But God has not forgotten us. He has allowed this season for a purpose: to sift us like flour, so that our lumps of stubbornness and selfishness are broken up, the bugs that have contaminated our very souls are removed, and we absorb better the truth and wisdom of God’s Word. It is during these times the wheat is separated from the chaff as we learn what’s really important and what we can do without.

The sifting takes time, for the life of faith is not a hurry-up lifestyle. There are no shortcuts to holiness.

But, like all seasons, the sifting season will come to an end, and we’ll have the texture of a more mature Christian—silky, fluffy, light, and free, and much better able to be used in the recipes of God.

Why are you downcast, O my soul, and why are you disquieted within me? Hope in God; for I shall again praise him, my help and my God. (Psalm 42:5).

Read and reflect on 1 Peter 1:3–9; Psalm 42

 © 2012 Michele Huey. All rights reserved.

More Than You Can Handle

Be strong and courageous. Do not be terrified; do not be discouraged, for the LORD your God will be with you wherever you go.  – Joshua 1:9 (NIV)

“God won’t give you any more than you can handle.”

You’ve heard that said many times, I’m sure—maybe even have said it yourself. The words are meant to comfort someone going through a difficult time.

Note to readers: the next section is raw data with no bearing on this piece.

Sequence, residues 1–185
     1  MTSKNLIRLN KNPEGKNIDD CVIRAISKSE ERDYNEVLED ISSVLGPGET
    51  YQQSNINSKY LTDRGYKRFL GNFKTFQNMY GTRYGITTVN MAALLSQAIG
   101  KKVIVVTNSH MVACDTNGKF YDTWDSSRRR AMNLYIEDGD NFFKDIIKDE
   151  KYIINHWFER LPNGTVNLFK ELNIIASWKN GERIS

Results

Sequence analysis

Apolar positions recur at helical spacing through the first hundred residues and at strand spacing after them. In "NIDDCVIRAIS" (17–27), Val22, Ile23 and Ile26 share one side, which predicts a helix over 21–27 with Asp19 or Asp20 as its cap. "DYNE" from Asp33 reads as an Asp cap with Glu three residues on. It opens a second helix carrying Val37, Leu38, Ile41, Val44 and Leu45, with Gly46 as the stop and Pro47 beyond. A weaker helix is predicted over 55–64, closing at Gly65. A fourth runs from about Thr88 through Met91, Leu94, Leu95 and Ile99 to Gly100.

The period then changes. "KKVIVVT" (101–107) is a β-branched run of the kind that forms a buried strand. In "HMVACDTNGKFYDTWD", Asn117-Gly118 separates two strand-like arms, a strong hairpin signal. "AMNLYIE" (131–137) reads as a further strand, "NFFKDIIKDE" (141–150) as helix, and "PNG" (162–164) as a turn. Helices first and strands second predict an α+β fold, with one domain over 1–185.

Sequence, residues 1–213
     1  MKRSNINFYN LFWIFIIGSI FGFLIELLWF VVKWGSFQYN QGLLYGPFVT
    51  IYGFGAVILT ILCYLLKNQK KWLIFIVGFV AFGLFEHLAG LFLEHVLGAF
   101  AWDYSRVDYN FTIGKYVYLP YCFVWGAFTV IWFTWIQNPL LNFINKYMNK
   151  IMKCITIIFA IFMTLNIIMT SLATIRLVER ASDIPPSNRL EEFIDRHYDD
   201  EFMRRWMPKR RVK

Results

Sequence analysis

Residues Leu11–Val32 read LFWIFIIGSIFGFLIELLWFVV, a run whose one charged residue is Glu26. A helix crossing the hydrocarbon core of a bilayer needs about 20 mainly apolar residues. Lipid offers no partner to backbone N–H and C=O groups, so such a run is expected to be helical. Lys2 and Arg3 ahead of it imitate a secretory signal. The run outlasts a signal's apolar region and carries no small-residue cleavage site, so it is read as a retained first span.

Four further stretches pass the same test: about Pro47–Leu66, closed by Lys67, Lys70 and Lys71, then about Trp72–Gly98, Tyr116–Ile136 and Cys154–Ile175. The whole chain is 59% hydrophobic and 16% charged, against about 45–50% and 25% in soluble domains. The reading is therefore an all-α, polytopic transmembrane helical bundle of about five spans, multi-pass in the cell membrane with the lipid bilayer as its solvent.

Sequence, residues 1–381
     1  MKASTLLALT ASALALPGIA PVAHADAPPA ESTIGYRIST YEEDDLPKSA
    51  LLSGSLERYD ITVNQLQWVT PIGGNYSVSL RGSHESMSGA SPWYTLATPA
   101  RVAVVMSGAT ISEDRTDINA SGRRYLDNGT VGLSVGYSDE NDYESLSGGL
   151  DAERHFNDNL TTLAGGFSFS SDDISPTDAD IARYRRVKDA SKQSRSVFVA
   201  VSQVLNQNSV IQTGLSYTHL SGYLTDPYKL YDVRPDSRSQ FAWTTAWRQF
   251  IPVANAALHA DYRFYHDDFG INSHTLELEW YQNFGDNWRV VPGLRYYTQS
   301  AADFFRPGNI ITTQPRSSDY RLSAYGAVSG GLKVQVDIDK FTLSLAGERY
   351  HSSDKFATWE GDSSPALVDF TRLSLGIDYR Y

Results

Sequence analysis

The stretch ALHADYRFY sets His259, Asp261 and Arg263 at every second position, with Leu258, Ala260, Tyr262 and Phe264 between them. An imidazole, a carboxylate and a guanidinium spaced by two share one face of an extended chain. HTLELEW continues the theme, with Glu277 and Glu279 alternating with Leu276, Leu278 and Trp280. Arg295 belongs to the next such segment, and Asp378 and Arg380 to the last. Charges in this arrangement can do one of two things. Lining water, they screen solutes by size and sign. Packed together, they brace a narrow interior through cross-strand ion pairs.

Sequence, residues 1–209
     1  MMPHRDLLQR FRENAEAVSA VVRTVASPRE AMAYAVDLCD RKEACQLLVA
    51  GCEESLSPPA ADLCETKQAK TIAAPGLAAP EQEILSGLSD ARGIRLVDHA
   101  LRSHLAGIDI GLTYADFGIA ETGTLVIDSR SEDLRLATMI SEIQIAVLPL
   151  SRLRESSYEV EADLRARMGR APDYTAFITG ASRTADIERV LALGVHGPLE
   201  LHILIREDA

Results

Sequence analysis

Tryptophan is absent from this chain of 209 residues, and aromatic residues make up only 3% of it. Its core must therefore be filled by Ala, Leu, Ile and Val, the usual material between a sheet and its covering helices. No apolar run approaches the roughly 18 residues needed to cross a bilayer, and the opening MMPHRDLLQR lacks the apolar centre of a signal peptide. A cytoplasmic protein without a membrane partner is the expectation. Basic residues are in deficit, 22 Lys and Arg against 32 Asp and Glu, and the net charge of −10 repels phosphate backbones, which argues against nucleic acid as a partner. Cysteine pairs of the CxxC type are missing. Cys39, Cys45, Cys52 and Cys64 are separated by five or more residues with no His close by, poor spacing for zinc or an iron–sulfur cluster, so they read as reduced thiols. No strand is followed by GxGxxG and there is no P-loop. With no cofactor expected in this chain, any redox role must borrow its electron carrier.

But it isn’t true.

Gasp! What?

Doesn’t the Bible say God won’t allow a something to be more than we can stand? You may cite 1 Corinthians 10:13. But that verse says God won’t allow a temptation to be more than we can endure—temptation, not trial. There’s a difference.

Trials and tribulations are the hard times we go through, the times when we’re stuck between a rock and a hard place. Temptations are enticements to do wrong, to sin.

Trials, tribulations and temptations are all times of testing. Therein lies the confusion.

The Bible doesn’t tell us that God won’t give us any more hard times than we can endure. At times He does. Think about grief, loss, betrayal.

What does the Word tell us, then?

That troubles will come: “Many are the afflictions of the righteous, but the LORD delivers him out of them all (Psalm 34:19). “In this world, you will have trouble. But take heart! I have overcome the world” (Jesus, as quoted in John 16:33).